NFL's Goodell among five after commish job
NEW YORK -- This time it looks like the NFL commissioner will be all business.
The five finalists to succeed Paul Tagliabue were announced Sunday with, no surprise, early favorite Roger Goodell still on the list. Unlike last time, when the late Jim Finks, then the Saints' general manager, was deadlocked with Tagliabue for three months, none of them has a background that includes playing or coaching in the NFL or running a team.
The closest is the 47-year-old Goodell, who remains a clear favorite -- as he has been for the last five years or so, or since he was appointed chief operating officer, the No. 2 job to Tagliabue. Goodell, son of a former U.S. senator from New York, began his NFL career in 1982 as an intern in the league office, interned with the New York Jets for a year, and then returned to the league. He was appointed chief operating officer in 2001.
The other with an NFL background is Gregg Levy, who holds the same job Tagliabue held when he became commissioner -- the league's outside counsel. Because he is known by most of the owners, he is considered the most likely challenger.
The other three finalists are Frederick Nance, a Cleveland lawyer; Robert L. Reynolds, of Concord, Mass., the vice chairman and chief operating officer of Fidelity Investments; and Mayo A. Shattuck III of Baltimore, chairman of the board, president and CEO of Constellation Energy.
Shattuck's contact with the NFL: His wife, Molly, who is 39, made the Baltimore Ravens' cheerleading squad for the second straight year this season.
Reynolds was a college football official for 15 years.
They were selected from a group of 11 semifinalists by a committee of eight owners headed by Pittsburgh's Dan Rooney and Carolina's Jerry Richardson.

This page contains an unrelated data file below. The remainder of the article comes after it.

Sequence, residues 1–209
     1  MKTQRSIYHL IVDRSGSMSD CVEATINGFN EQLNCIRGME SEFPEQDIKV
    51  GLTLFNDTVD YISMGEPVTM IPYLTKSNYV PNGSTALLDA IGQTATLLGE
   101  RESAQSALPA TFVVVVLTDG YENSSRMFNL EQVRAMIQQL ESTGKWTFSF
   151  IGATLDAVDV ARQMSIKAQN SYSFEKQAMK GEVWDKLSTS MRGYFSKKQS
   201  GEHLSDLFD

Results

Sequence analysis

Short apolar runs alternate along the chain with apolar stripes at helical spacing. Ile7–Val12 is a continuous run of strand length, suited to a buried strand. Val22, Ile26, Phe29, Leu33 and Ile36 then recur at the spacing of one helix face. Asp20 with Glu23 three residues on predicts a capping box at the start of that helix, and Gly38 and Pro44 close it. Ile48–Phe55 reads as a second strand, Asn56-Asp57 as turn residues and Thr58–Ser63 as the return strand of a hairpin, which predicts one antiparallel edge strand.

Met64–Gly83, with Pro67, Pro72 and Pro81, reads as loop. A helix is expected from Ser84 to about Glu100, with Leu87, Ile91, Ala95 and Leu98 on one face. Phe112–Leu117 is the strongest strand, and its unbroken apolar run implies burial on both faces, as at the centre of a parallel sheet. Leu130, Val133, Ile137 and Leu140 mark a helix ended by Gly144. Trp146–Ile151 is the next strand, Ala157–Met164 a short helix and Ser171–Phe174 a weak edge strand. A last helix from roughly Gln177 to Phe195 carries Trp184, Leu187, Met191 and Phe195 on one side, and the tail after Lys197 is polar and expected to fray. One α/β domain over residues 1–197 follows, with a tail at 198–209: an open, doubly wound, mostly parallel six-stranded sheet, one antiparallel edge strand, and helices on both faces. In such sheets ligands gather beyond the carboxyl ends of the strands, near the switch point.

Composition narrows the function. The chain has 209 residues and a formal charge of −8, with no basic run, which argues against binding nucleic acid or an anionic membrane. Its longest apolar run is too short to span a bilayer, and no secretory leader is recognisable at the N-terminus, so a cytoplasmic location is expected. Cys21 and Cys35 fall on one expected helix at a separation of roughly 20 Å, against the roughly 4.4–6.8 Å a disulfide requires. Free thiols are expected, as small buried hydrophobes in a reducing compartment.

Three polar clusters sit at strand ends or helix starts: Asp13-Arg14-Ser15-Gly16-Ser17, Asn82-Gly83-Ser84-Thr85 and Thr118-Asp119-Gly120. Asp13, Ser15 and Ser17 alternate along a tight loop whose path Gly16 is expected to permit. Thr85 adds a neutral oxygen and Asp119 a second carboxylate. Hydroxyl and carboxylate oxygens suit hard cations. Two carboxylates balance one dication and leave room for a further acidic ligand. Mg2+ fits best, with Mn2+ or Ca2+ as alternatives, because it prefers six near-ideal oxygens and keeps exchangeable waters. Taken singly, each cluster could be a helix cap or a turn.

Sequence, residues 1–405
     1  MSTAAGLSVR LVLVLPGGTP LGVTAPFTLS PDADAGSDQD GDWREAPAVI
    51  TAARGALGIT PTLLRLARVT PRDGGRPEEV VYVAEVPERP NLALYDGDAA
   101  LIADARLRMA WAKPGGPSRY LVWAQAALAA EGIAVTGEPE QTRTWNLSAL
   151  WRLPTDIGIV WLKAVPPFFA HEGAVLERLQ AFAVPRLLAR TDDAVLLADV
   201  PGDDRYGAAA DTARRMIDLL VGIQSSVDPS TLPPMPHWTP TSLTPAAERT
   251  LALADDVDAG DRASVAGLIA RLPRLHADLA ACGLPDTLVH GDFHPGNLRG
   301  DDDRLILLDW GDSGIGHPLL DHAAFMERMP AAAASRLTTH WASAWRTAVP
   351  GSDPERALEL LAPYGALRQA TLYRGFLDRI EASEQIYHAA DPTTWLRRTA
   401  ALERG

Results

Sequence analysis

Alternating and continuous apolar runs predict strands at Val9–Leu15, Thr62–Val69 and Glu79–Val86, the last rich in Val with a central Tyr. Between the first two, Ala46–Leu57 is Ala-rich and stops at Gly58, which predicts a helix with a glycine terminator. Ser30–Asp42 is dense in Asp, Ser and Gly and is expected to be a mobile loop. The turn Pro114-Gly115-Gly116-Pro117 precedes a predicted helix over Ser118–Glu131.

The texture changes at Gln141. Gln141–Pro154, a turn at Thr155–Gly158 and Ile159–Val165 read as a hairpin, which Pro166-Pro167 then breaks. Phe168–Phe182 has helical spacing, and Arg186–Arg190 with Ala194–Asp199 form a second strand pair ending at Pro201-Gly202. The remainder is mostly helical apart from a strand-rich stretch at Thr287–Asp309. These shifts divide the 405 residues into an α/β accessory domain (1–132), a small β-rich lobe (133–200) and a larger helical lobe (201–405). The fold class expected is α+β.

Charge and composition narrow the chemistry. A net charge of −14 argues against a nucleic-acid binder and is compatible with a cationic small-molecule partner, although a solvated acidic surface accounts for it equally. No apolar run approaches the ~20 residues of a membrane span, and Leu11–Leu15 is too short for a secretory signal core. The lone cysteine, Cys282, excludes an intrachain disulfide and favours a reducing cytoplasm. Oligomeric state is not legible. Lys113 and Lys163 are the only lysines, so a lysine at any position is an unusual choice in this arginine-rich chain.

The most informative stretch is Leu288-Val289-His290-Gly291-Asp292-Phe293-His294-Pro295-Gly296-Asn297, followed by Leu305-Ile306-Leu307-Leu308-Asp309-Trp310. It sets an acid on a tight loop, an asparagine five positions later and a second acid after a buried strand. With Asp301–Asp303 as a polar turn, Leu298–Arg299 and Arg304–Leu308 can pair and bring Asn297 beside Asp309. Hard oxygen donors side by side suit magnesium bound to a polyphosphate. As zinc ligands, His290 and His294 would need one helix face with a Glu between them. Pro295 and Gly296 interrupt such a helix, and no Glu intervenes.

"They are five that any one of them could make, in my view, a great commissioner in the NFL," said Dallas owner Jerry Jones, a member of the committee. "We'll now really get down to it and figure out who the best man is to be the commissioner."
Jones added: "I don't want to give any indication that gives the wrong impression -- I just don't know."
The committee had been extremely guarded about the identity of candidates -- only Goodell's name was well known when Tagliabue announced his retirement last March and the search committee was announced. The new commissioner is expected to be elected at meetings in Chicago from Aug. 7-9 with the eventual successor to Tagliabue needing votes from 22 of the 32 teams.
Goodell has long been considered Tagliabue's heir apparent and for the last decade he has been involved in most of the major moves by the league, including stadium construction, expansion and labor. Like Tagliabue, he is close to Gene Upshaw, the NFL's union head, and was closely involved in the delicate talks last March that led to an extension of the collective bargaining agreement.
The 53-year-old Levy is a partner at Covington & Burling in Washington, which is where Tagliabue worked when he was elected commissioner. He has been the lead counsel in several recent court cases, including the one involving Maurice Clarett, in which a decision to let the Ohio State running back enter the draft a year before league rules stipulated was overturned on appeal.
Nance is managing partner of the Cleveland office of Squire Sanders & Dempsey. The only black finalist, the 52-year-old Nance handled the negotiation for the city of Cleveland when the Browns returned to the NFL in 1999 and was the lawyer for the group that developed the construction of the new Browns stadium.
The 54-year-old Reynolds has been vice president of Fidelity's management trust company and held several executive jobs with the firm before that. He has been in his current job since 2000.
The 51-year-old Shattuck, who began his career as an investment banker, worked at Bankers Trust as vice chairman and was chairman of the board at Deutsche Bank in Baltimore before joining Constellation Energy, which ranks 125th on the Fortune 500 list and owns energy-related businesses that had $17.1 billion in revenues in 2006.
In addition to Rooney and Richardson, the other members of the selection committee are Woody Johnson of the Jets, Jerry Jones of Dallas, New England's Robert Kraft, Al Davis of Oakland, Kansas City's Lamar Hunt and Mike McCaskey of Chicago.
The ages of the candidates all reflect the desire of the committee to hire a new commissioner who could serve for a length of time similar to Tagliabue's.
Copyright 2006 by The Associated Press
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